How Self-Talk Affects Your Job Search and Expectations

Self-talk is particularly relevant for anyone hoping to launch a career change or secure a position they don't meet the standard qualifications for, so listen up.

Man Writing on Glass

What's the difference between the world's most successful people and the world's most average people? You might think it comes down to differences in their socioeconomic backgrounds, genes or skills, and all of these things can play a role. But many people underestimate the impact of self-talk. I can feel you rolling your eyes as a common preconception is that "mindset talk" is just fluff spouted by people gatekeeping the real secrets. Yet those who have achieved success know how important it is.

This is particularly relevant for anyone hoping to launch a career change or secure a position they don't meet the standard qualifications for, so listen up.

The Impact of Your Upbringing

You might like to think that you've moved on from events that happened a few years ago, so focusing on your childhood can seem ridiculous or even pathetic. Many people are uncomfortable with the idea of examining their past trauma, believing it means they're adopting a victim mentality or making excuses.

But hear me out. The younger we are, the more impressionable we are—our brains aren't fully developed when we're children and soak up a lot of "things" (like assumptions and reactions) that end up sticking around. It's only natural that our upbringing would impact the way we operate today.

For example, you may have internalized the idea that it's normal to think failing means you're unworthy because that's how your parents reacted to their own failures, or you feel inferior because you were low down in the social hierarchy at school.

The more of these internalized thoughts you can unpack, the better chance you'll have at fixing your negative self-talk and achieving what you're truly capable of. Start by analyzing and noting the most impressionable moments of your childhood. You don't have to think about how they may be impacting you today yet, but this will come in our next section.

Thoughts, Emotions and Actions

Your thoughts control your emotions and actions, which are what ultimately determine how your career and life go—so you can't expect to change how you feel or act without first addressing your thoughts.

Let's say you find yourself thinking "I probably don't have the qualifications for any of these jobs'' when you're browsing vacancies, or you eat your breakfast in the morning while thinking "Today is going to be another disappointing day of job searching." How can you expect to have a positive mindset when it comes to making your applications or attending your interviews?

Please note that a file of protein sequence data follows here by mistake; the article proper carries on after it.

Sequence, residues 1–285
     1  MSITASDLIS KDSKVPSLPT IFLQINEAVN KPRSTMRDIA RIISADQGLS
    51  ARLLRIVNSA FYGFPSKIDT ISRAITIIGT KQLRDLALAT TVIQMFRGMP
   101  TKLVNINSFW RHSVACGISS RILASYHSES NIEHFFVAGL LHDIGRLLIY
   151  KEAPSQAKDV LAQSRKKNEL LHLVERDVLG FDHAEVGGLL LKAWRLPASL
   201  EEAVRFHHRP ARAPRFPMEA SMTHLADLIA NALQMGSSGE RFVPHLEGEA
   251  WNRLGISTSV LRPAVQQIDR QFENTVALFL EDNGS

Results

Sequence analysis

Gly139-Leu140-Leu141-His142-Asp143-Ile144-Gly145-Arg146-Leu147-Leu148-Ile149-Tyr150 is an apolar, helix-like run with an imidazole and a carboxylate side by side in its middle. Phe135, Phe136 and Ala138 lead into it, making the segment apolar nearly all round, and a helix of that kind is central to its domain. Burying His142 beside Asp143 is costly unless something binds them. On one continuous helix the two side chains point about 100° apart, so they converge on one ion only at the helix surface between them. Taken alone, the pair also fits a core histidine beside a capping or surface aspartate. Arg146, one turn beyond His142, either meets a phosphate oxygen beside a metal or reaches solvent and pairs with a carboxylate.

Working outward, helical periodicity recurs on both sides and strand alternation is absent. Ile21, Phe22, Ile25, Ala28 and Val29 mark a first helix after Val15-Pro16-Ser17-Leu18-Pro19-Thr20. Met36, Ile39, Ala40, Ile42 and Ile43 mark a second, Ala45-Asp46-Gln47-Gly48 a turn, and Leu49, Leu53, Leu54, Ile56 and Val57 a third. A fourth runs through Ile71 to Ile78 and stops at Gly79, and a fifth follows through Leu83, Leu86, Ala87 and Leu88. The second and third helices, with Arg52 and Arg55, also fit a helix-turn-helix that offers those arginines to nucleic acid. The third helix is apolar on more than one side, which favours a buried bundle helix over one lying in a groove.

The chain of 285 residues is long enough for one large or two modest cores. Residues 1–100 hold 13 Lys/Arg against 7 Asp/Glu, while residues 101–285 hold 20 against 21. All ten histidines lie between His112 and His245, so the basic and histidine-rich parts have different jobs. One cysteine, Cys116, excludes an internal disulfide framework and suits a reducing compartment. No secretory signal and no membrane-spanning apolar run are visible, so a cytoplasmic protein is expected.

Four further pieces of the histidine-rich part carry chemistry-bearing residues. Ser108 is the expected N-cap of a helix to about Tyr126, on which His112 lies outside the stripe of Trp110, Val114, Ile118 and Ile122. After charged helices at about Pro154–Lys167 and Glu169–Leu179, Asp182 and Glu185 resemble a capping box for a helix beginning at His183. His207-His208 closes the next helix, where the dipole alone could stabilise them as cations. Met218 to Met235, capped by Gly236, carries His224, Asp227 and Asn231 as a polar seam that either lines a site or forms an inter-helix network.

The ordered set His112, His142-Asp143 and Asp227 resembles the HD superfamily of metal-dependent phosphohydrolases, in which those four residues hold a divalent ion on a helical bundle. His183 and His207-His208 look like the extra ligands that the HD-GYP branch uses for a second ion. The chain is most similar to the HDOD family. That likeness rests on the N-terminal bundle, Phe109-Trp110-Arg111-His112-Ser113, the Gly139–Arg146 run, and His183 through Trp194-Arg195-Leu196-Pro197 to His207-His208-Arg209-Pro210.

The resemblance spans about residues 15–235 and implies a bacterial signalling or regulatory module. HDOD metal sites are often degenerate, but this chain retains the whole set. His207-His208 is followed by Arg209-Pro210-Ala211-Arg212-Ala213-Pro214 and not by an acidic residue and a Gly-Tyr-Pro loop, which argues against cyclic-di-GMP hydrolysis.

You might tell yourself that these are just isolated thoughts and no big deal, but over time, these thoughts create a narrative that we start to believe. Going back to your upbringing, you might have started to believe you were incapable because that's what a few teachers told you as a child. Is it that crazy to believe that you could start to believe you're incapable as an adult because that's what you tell yourself every day?

Common negative thoughts to watch out for include:

  • Doubting your abilities
  • Assuming people won't like you
  • Avoiding risks and failure
  • Thinking you don't deserve success
  • Convincing yourself that it's "too late"
  • Feeling like an impostor when you achieve some success

Do any of these sound familiar? Watch out because they can lead to you procrastinating on taking action or even declining opportunities when they come your way. Fortunately, it's possible to nip them in the bud with a few simple strategies.

Rewiring Your Thoughts

Changing the way you think isn't easy. You can't decide to stop thinking about your inferiority through pure willpower. However, you can force yourself to think certain positive thoughts—and over time, this can have a real impact on how and what you think. In the example above, you could force yourself to keep thinking "I have a great resume and will get the job of my dreams soon" instead.

Even if you don't believe what you're saying, it's possible to reprogram how you think through repetition. In a way, it's a type of self-hypnosis.

This will be most effective if you can identify your greatest complexes based on your upbringing and come up with alternative thoughts that combat them directly. Over time, I can almost guarantee that your emotions and actions will start changing too.

Even better, come up with an entire routine for your morning that will get you into a positive frame of thinking. You could wake up, listen to upbeat music as you get ready, then sit on your sofa and "meditate" by telling yourself how capable and highly skilled you are for ten minutes. Make tweaks until you find what's right for you.

Also, take action by periodically forcing yourself to think big and take risks. Even if you do this in areas that aren't directly related to your job (such as asking someone out on a date or trying stand-up comedy), doing this allows you to teach yourself that you're capable and that even if you fail, it's not a reflection on your ability or worth as a person.

You Are What You Think

Beneath every high-powered executive is a child who still feels inferior, fragile or like they have something to prove. But the most successful people are usually those who are already aware of this fact, so they know how to battle their demons to get the top roles and paychecks.

If you use the tactics outlined above, you could become one of them—don't believe the voice in the back of your mind telling you that you're not enough.

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